Imaging Management, Volume 13 - Issue 1, 2013

The Job Market in Argentina

In Argentina there are approximately 4000 radiologists. However, not all of them are board-certified. To work as a radiologist it is not compulsory to be board-certified. In certain medical colleges and in the ministry of health you may be employed as a radiologist if you can prove practice in a radiology department during 5 consecutive years (even half day work). In this way, radiologists obtain their specialisation without certification. Any radiologist may sit the examination for the certification by the Sociedad Argentina de Radiología (SAR) if they wish, but it is not compulsory by law to practise as a radiologist in Argentina. However, certification demonstrates an excellent level and quality.

Every year, around 80 radiologists graduate in Argentina. To graduate the MD should do a residency of 4 years and pass approved exams in an official institute (Sociedad Argentina de Radiología, public or private universities, province medical associations, and so on). Half of them graduate in Buenos Aires from the Sociedad Argentina de Radiología (SAR) which has the most recognised programme.

All graduates find employment in our country. There are not enough graduates to fill the demand, and now there is a shortage of radiologists. Vacancies will increase in the next few years. Very few radiologists move abroad, and if they do so this is not because they do not have offers in Argentina, but because they would like to explore other possibilities. However, it has happened in times of crisis in the country (e.g. in 2001 when there was economic turmoil in Argentina) that young radiologists emigrated to find new and better horizons, especially to Spain.

Most radiologists who seek education and further training overseas are young and well trained. It is common that they go abroad, mainly to Europe, and are retained by the site or country where they went for training. To avoid this problem, some institutions sign agreements with physicians that if they go for further education in Europe sponsored by the institution, they are required to return and work for a reasonable amount of years before departing. If that does not occur then the sponsored radiologist has to pay back a given amount of money to the institution that supported his/her education and granted his training overseas.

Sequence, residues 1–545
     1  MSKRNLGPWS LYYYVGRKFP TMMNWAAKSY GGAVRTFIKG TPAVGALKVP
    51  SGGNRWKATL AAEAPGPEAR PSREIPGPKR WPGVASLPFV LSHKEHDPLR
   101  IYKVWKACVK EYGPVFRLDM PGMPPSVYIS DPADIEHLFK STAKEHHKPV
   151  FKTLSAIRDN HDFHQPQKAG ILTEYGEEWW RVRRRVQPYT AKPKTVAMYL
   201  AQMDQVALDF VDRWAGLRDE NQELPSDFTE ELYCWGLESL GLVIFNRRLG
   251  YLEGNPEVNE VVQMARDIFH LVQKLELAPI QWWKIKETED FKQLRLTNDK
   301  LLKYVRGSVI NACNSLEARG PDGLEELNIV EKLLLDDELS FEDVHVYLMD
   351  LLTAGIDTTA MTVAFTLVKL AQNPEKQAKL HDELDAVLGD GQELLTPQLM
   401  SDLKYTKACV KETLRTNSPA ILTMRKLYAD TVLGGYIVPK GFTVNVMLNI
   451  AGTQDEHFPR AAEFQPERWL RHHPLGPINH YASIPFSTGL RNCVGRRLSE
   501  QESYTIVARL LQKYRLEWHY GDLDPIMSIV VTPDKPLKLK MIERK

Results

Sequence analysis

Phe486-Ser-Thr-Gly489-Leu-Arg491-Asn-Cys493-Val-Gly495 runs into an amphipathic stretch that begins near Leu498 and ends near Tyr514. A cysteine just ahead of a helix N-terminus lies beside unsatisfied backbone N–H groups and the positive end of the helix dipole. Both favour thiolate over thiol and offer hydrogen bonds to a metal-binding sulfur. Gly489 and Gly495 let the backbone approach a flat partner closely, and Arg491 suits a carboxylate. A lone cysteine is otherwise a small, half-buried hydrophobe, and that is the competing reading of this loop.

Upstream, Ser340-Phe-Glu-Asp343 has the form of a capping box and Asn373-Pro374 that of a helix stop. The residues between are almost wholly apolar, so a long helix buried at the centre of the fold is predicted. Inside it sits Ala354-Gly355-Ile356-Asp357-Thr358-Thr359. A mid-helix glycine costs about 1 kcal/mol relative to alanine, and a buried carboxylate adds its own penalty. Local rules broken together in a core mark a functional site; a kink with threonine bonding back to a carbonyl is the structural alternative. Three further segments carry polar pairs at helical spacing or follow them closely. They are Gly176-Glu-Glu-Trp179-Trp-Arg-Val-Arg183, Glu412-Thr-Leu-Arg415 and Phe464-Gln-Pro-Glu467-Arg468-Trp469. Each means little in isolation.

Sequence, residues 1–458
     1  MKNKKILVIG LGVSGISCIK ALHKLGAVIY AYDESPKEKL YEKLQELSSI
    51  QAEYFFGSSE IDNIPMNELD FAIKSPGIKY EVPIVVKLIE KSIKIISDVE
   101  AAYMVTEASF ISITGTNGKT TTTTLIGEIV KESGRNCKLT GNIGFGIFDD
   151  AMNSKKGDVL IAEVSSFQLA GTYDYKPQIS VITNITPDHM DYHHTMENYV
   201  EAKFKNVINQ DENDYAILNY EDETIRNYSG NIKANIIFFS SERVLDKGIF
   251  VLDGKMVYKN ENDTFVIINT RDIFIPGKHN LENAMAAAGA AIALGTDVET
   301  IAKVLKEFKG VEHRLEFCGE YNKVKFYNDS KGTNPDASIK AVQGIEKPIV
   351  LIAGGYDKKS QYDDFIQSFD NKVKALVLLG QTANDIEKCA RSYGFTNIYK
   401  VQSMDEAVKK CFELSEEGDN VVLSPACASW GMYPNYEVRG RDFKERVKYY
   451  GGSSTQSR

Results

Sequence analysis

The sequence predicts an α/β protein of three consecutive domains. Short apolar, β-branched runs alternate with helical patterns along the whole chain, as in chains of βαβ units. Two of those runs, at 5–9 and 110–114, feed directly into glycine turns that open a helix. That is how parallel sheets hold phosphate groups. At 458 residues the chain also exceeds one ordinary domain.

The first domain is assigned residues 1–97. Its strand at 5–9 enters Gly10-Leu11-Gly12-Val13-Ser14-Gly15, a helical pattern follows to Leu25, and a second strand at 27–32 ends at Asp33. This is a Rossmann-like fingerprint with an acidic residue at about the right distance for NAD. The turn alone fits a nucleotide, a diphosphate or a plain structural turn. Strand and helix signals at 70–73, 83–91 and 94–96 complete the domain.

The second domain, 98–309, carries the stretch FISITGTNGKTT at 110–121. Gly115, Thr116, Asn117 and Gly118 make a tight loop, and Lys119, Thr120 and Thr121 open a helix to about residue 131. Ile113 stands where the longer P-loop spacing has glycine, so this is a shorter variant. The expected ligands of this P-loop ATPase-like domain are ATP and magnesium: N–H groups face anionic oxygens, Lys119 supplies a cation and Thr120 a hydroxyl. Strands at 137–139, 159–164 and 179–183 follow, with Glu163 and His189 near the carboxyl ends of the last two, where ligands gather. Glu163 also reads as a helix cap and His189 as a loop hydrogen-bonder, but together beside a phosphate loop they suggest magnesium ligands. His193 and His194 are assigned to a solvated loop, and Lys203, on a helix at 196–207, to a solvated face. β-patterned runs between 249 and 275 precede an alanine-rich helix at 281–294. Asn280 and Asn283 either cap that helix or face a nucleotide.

My own hospital has hi-tech facilities, an excellent teaching and research programme and continuous medical education. In addition salaries are good so it is not difficult for us to retain the best radiologists. However, this is not the case in every hospital or private centre, and strategies are overall oriented to economic revenues.

Few radiologists enter an academic career, which is why the opportunities for training of radiologists are very heterogeneous because well trained highly equipped academic hospitals are rather few.

Most radiologists will go into private practice. The public sector is under-developed in terms of technology and facilities. Private university hospitals and some private outpatient clinics tend to be better resourced. There are no full-time radiologists in the public sector. Radiologists work only part-time in the public sector.

There are not enough radiologists to fill the posts available. Currently this gap is filled by radiologists from other Latin America countries (such as Ecuador, Colombia, Bolivia, etc.) Most of them are young and have performed a fellowship or residency in Argentina, and are not willing to go back to their country in the near future. Other specialists also perform radiology as a subspeciality, e.g. neurologists perform neuroradiology, paediatricians perform paediatric ultrasound or radiology.

The global crisis has not caused serious problems so far in our country. There have been no cuts so far, because the crisis has affected mainly the USA and Europe. However, it would not be surprising that if the crisis continues in the near future it would affect medical imaging, mainly in terms of technology updating.

However, when there have been economic crises in Argentina, the impact on medical imaging was huge. The biggest problem would affect not only medical revenues but especially in the inability to buy new equipment and renovate obsolete technology.

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